Fire Rescue Victoria

Fire Danger Period

The Fire Danger Period is when fire and rescue authorities restrict the use of fire in the community. This is to help prevent fires from starting.

Authorities declare The Fire Danger Period at different times for each municipality. It may be as early as October in some municipalities, and usually remains in place until the fire danger lessens, which could be as late as May.

Once the Fire Danger Period has been declared, fire restrictions come into force. More information on Fire Danger Periods can be found via the CFA website

In State forests, National, State and Regional Parks and on protected public land, fire restrictions are in force all year round. For advice on fire restrictions for these areas, contact the Department of Environment, Land Water and Planning (DELWP)and Parks Victoria.

Total Fire Bans 

CFA declares Total Fire Bans by district on days when fires are likely to spread rapidly and could be difficult to control.

There are large penalties for lighting fires illegally during the Fire Danger Period and on Total Fire Ban Days. This includes possible imprisonment.

To find out what you can and can’t do during declared Fire Danger Periods and on days of Total Fire Ban visit CFA's Can I or Can’t I?

Fire Danger Ratings

  • A Fire Danger Rating predicts how a fire would behave if one started, and how difficult it would be to put out. The higher the rating, the more dangerous the conditions.

    The rating is your trigger to act. To stay safe you need to know the Fire Danger Rating in the district where you live or travel.

    Fire Danger Ratings are forecast by the Bureau of Meteorology during the fire season. They are forecast up to four days in advance. Ratings are based on weather and other environmental conditions.

    During the fire season, the Fire Danger Rating will feature in weather forecasts and be broadcast on radio and TV and appear in some newspapers.

  • What does it mean?

    • These are the worst conditions for a bush or grass fire.
    • Homes are not designed or constructed to withstand fires in these conditions.
    • The safest place to be is away from high risk bushfire areas.       

    What should I do?

    Leaving high risk bushfire areas the night before or early in the day is your safest option – do not wait and see. Avoid forested areas, thick bush or long, dry grass

    Know your trigger – make a decision about:

    • when you will leave
    • where you will go
    • how you will get there
    • when you will return
    • what will you do if you cannot leave.
  • What does it mean?

    Expect extremely hot, dry and windy conditions.

    • If a fire starts and takes hold, it will be uncontrollable, unpredictable and fast moving. Spot fires will start, move quickly and come from many directions.
    • Homes located, constructed or modified to withstand a bushfire that are well prepared and actively defended, may provide safety.
    • You must be physically and mentally prepared to defend in these conditions.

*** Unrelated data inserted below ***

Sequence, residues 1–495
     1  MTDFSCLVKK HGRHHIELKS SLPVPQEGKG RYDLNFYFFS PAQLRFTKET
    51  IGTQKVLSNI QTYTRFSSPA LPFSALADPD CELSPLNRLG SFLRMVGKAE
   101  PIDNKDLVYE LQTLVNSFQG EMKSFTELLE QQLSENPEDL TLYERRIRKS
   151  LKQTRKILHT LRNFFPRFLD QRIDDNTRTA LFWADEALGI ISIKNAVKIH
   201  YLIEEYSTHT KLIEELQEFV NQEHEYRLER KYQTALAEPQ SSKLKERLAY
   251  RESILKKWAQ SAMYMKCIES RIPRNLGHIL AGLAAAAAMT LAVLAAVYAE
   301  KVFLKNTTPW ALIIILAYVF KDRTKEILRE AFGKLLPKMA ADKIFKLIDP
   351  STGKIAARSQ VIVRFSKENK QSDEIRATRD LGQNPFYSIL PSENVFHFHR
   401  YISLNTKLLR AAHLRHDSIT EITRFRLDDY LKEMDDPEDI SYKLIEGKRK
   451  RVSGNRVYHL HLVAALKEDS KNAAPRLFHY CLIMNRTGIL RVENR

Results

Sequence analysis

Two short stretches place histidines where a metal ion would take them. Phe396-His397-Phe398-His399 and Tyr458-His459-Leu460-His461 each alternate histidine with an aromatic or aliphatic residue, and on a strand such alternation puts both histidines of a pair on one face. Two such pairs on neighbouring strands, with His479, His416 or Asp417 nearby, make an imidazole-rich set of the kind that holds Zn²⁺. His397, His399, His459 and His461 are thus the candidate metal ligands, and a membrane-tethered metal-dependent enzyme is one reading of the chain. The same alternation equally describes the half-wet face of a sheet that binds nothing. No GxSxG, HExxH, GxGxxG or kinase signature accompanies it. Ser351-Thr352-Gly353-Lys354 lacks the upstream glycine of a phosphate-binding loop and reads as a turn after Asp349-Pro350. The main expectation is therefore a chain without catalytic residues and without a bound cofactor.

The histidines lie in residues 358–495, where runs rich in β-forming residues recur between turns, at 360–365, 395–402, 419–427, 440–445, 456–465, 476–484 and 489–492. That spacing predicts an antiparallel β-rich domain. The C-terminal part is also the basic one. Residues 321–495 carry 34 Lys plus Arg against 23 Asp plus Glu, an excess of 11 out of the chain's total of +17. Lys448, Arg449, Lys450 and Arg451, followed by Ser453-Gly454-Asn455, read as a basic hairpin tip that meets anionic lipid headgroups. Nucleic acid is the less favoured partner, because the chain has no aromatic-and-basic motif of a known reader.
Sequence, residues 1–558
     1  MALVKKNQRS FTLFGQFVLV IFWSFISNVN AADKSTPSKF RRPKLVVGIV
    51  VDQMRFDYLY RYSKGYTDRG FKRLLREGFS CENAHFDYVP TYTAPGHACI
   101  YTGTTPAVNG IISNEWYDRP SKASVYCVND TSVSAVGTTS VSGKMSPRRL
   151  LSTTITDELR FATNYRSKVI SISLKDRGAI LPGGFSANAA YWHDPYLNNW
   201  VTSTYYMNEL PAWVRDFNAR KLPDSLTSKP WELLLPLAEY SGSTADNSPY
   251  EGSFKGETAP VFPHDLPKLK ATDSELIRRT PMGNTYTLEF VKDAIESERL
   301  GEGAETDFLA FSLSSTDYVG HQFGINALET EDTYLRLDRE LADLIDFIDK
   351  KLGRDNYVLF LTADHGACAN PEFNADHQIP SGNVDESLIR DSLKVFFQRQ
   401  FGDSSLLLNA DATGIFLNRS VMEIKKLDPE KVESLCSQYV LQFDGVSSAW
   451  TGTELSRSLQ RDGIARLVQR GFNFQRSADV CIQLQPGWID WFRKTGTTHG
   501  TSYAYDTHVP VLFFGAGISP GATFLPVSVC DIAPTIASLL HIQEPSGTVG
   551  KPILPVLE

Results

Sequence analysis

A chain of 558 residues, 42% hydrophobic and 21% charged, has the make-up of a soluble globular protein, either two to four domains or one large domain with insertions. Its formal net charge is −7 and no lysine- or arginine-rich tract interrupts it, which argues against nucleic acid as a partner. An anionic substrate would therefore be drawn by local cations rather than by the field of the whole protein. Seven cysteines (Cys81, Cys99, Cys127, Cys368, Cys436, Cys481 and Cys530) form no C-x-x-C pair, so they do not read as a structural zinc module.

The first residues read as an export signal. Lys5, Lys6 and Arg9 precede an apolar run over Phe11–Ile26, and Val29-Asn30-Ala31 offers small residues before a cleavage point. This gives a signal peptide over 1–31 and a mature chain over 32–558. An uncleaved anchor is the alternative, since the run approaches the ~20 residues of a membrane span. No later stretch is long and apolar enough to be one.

What should I do?

    Leaving early is your safest option.

    Only consider staying with your property if you are prepared to the highest level. This means:

    • your home needs to be located, and constructed or modified to withstand a bushfire
    • you are well prepared, and
    • you can actively defend your home if a fire starts.

    If you are not prepared to the highest level, leaving high risk bushfire areas early in the incident is your safest option.

    Be aware of local conditions. Listen to your emergency broadcasters, go to Vic Emergencyor call the VicEmergency Hotline on 1800 226 226.

  • What does it mean?

    • Expect hot, dry and possibly windy conditions.
    • If a fire starts and takes hold, it may be uncontrollable.
    • Well prepared homes that are actively defended can provide safety.
    • You must be physically and mentally prepared to defend in these conditions.    

    What should I do?

    • Check your bushfire survival plan.
    • If you are not prepared, leaving bushfire prone areas early in the day is your safest option.
    • Be aware of local conditions and seek information by listening to your emergency broadcasters, go to Vic Emergency or call the VicEmergency Hotline on 1800 226 226
  • What does it mean?

    • If a fire starts, it can most likely be controlled in these conditions and homes may provide safety.
    • Be aware of how fires can start and minimise the risk.
    • Controlled burning off may occur in these conditions if it is safe – check to see if permits apply. 

    What should I do?

    • Check your bushfire survival plan.
    • Monitor conditions.
    • Action may be needed.
    • Leave if necessary
    • If a fire starts, it can most likely be controlled in these conditions and homes may provide safety.
    • Be aware of how fires can start and minimise the risk.
    • Controlled burning off may occur in these conditions if it is safe – check to see if permits apply. 

Map of the Fire Districts

A breakdown of the fire districts can be found on the CFA website.

VicEmergency App for mobile phones

The VicEmergency app includes warning and incident notifications for fires, floods, storms, earthquakes, tsunamis, weather warnings, beach closures, shark sightings and more. 

It brings together emergency information and warnings from agencies including:

  • Fire Rescue Victoria
  • Country Fire Authority 
  • Victoria State Emergency Service
  • Department of Environment, Land, Water and Planning (Forrest Fire Management Victoria)
  • Emergency Management Victoria
  • Department of Health and Human Services
  • Life Saving Victoria

The app is managed by Emergency Management Victoria and supported by the Department of Justice and Community Safety. 

You can download it from the iTunes Store for iPhones or Google Play for Android devices

Reviewed 26 June 2020

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